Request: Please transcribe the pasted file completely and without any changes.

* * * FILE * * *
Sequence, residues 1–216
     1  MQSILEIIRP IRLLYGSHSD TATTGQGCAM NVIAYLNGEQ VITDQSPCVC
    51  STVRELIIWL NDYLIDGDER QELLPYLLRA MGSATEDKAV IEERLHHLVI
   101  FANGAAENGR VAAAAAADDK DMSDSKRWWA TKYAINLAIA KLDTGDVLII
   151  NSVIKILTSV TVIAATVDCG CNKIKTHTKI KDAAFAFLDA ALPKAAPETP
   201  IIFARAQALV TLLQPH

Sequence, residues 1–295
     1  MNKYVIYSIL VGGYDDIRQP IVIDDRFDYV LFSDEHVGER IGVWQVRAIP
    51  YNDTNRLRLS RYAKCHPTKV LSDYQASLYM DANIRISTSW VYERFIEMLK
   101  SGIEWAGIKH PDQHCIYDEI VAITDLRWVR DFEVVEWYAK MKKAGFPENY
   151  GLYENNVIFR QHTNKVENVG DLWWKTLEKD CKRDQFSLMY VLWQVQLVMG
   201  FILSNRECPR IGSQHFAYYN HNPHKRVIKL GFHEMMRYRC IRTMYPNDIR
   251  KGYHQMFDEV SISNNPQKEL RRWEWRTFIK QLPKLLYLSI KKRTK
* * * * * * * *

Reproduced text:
Sequence, residues 1–216
     1  MQSILEIIRP IRLLYGSHSD TATTGQGCAM NVIAYLNGEQ VITDQSPCVC
    51  STVRELIIWL NDYLIDGDER QELLPYLLRA MGSATEDKAV IEERLHHLVI
   101  FANGAAENGR VAAAAAADDK DMSDSKRWWA TKYAINLAIA KLDTGDVLII
   151  NSVIKILTSV TVIAATVDCG CNKIKTHTKI KDAAFAFLDA ALPKAAPETP
   201  IIFARAQALV TLLQPH

Sequence, residues 1–295
     1  MNKYVIYSIL VGGYDDIRQP IVIDDRFDYV LFSDEHVGER IGVWQVRAIP
    51  YNDTNRLRLS RYAKCHPTKV LSDYQASLYM DANIRISTSW VYERFIEMLK
   101  SGIEWAGIKH PDQHCIYDEI VAITDLRWVR DFEVVEWYAK MKKAGFPENY
   151  GLYENNVIFR QHTNKVENVG DLWWKTLEKD CKRDQFSLMY VLWQVQLVMG
   201  FILSNRECPR IGSQHFAYYN HNPHKRVIKL GFHEMMRYRC IRTMYPNDIR
   251  KGYHQMFDEV SISNNPQKEL RRWEWRTFIK QLPKLLYLSI KKRTK